Nebraska’s bishops on Friday issued a statement opposing the execution of Carey Dean Moore, whose execution date has been set for Aug. 14.
“Our society has a pervasive culture of violence and death which can only be transformed by a counter-culture of justice and mercy,” read a July 6 statement issued by Archbishop George Lucas of Omaha, Bishop James Conley of Lincoln, and Bishop Joseph Hanefeldt of Grand Island.
“Each time we consider applying capital punishment, Nebraska has an opportunity to respond to an act of violence with an act of mercy that does not endanger public safety or compromise the demands of justice.”
“There is no doubt the state has the responsibility to administer just punishment,” the bishops wrote. “However, given our modern prison system, the execution of Carey Dean Moore is not necessary to fulfill justice and, for that reason, would undermine respect for human life.”
The bishops said that “We continue to offer our sincerest prayers for all victims and those affected by the heinous crimes of Mr. Moore, and we pray for his conversion of heart.”
Nebraska has not executed a prisoner in 21 years, and capital punishment has been a contentious issue in the state’s legislature in recent years.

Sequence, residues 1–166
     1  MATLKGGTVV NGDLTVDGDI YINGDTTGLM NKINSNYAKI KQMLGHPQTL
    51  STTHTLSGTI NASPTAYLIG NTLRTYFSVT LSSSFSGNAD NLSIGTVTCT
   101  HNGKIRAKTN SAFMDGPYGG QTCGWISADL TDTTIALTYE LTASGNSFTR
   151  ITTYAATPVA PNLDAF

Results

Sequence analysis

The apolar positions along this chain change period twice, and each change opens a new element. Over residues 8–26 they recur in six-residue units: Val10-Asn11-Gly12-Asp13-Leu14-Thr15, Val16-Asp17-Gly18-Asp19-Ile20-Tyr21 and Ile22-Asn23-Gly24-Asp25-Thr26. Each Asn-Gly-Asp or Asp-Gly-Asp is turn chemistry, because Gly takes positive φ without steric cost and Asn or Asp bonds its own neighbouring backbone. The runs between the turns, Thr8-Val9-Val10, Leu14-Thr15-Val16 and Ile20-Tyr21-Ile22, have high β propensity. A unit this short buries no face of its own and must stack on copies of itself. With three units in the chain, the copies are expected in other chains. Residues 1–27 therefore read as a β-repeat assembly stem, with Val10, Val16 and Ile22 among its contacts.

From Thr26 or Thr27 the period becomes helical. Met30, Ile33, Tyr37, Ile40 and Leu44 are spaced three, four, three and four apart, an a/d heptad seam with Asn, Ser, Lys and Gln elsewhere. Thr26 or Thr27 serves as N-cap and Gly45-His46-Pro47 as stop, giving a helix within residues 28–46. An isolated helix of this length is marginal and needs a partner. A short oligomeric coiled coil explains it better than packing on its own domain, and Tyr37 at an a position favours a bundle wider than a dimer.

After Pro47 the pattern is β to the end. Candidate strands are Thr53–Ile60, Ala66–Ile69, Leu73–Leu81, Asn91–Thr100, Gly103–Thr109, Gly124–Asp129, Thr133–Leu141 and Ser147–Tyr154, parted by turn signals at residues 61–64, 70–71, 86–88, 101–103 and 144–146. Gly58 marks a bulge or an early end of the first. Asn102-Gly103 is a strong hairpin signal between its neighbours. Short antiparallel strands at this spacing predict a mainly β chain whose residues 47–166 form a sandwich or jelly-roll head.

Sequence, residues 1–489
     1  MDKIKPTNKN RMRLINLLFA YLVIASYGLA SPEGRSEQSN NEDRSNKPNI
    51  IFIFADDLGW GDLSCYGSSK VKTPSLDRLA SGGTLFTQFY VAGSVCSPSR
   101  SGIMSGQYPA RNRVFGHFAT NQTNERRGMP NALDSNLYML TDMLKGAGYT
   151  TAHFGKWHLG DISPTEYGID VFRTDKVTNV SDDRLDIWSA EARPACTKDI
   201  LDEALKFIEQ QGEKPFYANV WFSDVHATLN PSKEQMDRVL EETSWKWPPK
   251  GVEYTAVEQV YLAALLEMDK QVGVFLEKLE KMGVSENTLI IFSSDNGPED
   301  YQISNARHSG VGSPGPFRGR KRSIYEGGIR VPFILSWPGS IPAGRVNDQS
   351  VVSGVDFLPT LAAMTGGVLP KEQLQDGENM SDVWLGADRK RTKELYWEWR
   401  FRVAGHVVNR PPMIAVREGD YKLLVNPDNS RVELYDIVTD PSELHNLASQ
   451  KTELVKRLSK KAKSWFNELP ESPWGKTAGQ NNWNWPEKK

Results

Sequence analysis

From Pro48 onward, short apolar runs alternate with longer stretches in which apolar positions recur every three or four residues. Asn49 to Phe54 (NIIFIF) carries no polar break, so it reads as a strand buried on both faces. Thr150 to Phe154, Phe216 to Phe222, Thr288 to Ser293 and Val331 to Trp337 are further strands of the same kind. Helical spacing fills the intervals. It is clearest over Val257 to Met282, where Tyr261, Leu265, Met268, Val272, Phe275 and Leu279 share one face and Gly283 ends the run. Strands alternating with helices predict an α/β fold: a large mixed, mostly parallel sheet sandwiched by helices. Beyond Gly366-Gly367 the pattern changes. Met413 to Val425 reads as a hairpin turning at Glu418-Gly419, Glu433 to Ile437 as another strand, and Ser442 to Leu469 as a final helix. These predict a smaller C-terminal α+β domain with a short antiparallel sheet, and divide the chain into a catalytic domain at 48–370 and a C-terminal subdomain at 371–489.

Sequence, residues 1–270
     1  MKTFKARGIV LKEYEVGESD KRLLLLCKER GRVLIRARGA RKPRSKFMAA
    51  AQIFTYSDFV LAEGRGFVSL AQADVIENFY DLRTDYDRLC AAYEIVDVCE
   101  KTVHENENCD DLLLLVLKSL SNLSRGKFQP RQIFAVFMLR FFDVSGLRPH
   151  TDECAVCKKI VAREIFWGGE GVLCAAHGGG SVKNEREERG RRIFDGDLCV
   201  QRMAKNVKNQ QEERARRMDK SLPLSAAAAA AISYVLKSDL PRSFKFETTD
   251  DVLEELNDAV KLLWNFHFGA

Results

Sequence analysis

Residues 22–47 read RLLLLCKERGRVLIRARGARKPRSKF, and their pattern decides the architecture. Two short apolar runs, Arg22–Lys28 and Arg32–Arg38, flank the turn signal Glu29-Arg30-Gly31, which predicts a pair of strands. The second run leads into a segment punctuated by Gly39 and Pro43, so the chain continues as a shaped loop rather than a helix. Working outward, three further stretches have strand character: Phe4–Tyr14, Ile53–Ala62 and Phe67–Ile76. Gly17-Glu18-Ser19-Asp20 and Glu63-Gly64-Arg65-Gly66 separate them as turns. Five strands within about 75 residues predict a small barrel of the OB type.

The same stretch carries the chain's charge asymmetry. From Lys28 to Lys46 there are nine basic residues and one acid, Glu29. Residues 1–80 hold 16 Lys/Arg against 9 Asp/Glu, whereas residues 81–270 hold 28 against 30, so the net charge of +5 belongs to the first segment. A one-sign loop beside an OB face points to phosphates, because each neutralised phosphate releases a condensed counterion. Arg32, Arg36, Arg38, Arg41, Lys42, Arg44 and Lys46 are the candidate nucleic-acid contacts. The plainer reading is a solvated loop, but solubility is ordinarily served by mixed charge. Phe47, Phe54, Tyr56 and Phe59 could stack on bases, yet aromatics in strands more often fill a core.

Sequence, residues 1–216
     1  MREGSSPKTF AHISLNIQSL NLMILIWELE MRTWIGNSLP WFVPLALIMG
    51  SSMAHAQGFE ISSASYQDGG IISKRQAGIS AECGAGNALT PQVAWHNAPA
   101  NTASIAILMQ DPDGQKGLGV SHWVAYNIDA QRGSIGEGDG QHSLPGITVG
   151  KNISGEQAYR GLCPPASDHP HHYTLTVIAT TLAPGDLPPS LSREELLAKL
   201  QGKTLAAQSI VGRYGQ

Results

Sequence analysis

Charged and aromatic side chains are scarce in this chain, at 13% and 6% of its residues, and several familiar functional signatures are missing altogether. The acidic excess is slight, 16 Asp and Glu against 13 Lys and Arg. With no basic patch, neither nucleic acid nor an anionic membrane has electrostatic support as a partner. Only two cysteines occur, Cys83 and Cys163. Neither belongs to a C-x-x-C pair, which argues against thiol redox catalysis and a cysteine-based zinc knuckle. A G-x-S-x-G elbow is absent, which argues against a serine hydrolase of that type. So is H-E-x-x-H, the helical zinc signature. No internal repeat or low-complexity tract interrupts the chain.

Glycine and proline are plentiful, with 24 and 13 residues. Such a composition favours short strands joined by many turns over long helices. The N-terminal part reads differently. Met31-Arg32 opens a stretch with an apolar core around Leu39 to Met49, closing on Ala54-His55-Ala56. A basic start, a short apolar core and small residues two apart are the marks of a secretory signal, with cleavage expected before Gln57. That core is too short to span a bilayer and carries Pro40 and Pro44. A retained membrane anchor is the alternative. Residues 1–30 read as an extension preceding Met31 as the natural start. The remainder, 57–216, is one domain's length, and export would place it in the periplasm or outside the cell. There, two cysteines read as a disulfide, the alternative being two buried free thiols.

Moore’s execution date was set July 5 by the Nebraska Supreme Court. Moore, 60, has been on death row 38 years, the longest of the state’s 12 death row inmates. He was sentenced for the 1979 murders of two cab drivers, Reuel Van Ness, Jr. and Maynard Helgeland.
The Lincoln Journal Star reports that Moore will be executed by injection of diazepam, fentanyl citrate, cisatracurium besylate, and potassium chloride. Moore’s execution would be the first lethal injection in Nebraska; most recently, the state utilized the electric chair.
Nebraska’s store of potassium chloride is due to expire at the end of August.
A district judge ruled in June that the state had to release records of its communications with the supplier of its lethal injection drugs, but the decision was appealed and there records remain private.
Moore has chosen not to appeal his execution.
Capital punishment was abolished by Nebraska’s unicameral legislature in 2015, overriding a veto by Gov. Pete Ricketts. But state voters reinstated the practice 2016 in a ballot measure by a vote of about 61 percent.
“We express our disappointment that the death penalty will be reinstated in Nebraska,” Nebraska’s three bishops said in a joint statement Nov. 9, 2016. “We will continue to call for the repeal of the death penalty when it is not absolutely necessary to protect the public safety.”